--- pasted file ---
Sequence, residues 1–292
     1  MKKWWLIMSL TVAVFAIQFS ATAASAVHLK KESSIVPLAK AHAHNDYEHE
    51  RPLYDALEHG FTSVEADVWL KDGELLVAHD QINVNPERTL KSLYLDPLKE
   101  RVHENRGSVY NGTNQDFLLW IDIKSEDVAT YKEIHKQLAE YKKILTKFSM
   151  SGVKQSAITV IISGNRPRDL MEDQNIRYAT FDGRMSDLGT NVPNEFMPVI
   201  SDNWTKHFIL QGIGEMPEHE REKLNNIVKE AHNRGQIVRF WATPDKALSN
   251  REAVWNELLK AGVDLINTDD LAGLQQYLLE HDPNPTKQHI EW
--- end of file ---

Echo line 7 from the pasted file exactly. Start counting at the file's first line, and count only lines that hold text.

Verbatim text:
   251  REAVWNELLK AGVDLINTDD LAGLQQYLLE HDPNPTKQHI EW